While only 10 masked people are permitted inside at a time, Russell has mentioned utilizing additional space in their backyard with a small fire pit, weather and temperature permitting. If you’re planning on anything more than walking through the house or lounging for a few minutes, Russell and Sexe encourage bringing a cushion or blanket.
Consider this calming, almost therapeutic open house of sorts as a prelude to Common Sage’s potentially more active schedule in 2023, one they attempted to kickstart at the start of 2020. —Grant Phipps
Billy Woods, ShrapKnel at Memorial Union Rathskeller. 7 p.m. Free.
Few rap artists of this era have carved out a niche as singular and arresting as Billy Woods. Run a Twitter search on “Billy Woods best writer” and the resulting cavalcade of glowing tweets are a strong indicator of how he’s perceived by his audience, which continues to expand. As a solo artist and as a member of Armand Hammer, Woods has netted notoriety as one of the genre’s preeminent “underground” rap artists. Woods’ downbeat, haunting, dreamlike soundscapes, aggressive delivery, and superlative writing are the rapper’s core calling cards, conjuring up a mesmeric mystique. Every last inch of that formula is on display in Woods’ latest—the freshly released Church—just as it was on his breakout single, Hiding Places‘ “Spongebob.”
ShrapKnel, a rap group who, like Woods, has made some cross-genre waves within the DIY punk scene, will open the night. Metal Lung, ShrapKnel’s new album, features the emergent duo embracing a wild-eyed, frenetic mode. Both Woods and ShrapKnel are inherently connected by a commendable artistic drive to keep pushing forward, never wanting to risk losing a step. (ShrapKnel also gets bonus Wisconsin points for name-dropping then-Bucks assistant coach Darvin Ham on ShrapKnel‘s “Gun Metal Paint.”) NYC’s rap scene has always been overwhelmingly strong and influential, but even in that storied history, Billy Woods and ShrapKnel are talented enough to stand out.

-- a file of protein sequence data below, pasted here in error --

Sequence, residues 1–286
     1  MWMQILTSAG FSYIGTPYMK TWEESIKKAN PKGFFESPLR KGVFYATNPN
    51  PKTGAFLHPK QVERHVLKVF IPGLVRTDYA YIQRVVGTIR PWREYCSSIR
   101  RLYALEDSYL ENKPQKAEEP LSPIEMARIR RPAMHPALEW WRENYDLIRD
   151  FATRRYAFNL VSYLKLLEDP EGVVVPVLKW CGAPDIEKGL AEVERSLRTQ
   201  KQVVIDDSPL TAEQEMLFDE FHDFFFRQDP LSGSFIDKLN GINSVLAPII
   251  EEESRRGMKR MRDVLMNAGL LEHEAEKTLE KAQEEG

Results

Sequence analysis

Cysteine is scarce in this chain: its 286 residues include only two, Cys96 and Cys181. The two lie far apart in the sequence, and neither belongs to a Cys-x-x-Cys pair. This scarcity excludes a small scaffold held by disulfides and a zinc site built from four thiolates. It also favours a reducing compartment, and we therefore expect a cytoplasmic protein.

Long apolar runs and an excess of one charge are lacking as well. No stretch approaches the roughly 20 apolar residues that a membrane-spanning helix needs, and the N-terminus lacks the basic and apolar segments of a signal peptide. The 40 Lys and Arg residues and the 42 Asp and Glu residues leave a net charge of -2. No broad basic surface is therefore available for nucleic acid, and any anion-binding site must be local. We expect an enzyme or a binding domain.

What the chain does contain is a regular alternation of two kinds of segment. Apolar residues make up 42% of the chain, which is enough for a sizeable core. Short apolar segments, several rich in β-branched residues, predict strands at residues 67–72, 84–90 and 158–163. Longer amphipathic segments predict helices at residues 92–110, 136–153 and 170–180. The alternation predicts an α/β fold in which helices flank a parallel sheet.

Gate Check with Cole Bartels at Grace Episcopal Church. Noon. Free.
At this performance, Darren Sterud and his quartet Gate Check will collaborate with fellow trombonist Cole Bartels to pay tribute to The Great Kai & J. J., the 1960 album from trombonists Kai Winding and J. J. Johnson. It’s a good fit for Gate Check’s versatility and conversational interplay: The Great‘s album’s highlights range from a dynamic take on Thelonious Monk’s “Blue Monk” to the sly blues of Johnson’s original “Trixie.”
Sterud gave his original compositions an expansive showcase on Gate Check’s 2021 album Places. Drummer Matthew Endres, bassist Ben Ferris, pianist Chris Rottmayer, and Sterud used the travel-themed project to take the listener through a variety of emotional settings and just as many points along the continuum of jazz. From the plaintive, slow build of “Highlands,” the playful spookiness of “Sighisoara,” the rollicking second-line explosion of “Bywater,” the quartet treats all these different crosscurrents as living and lively things.
This October 15 show at Grace Episcopal Church will focus solely on material from The Great Kai & J. J. But there will be a chance soon to hear more of Sterud’s originals on October 21 at The Bur Oak, when Gate Check opens an album-release show for Mr. Chair.
Take Out at UW Cinematheque. Doors at 6:30 p.m., screening at 7 p.m. Free.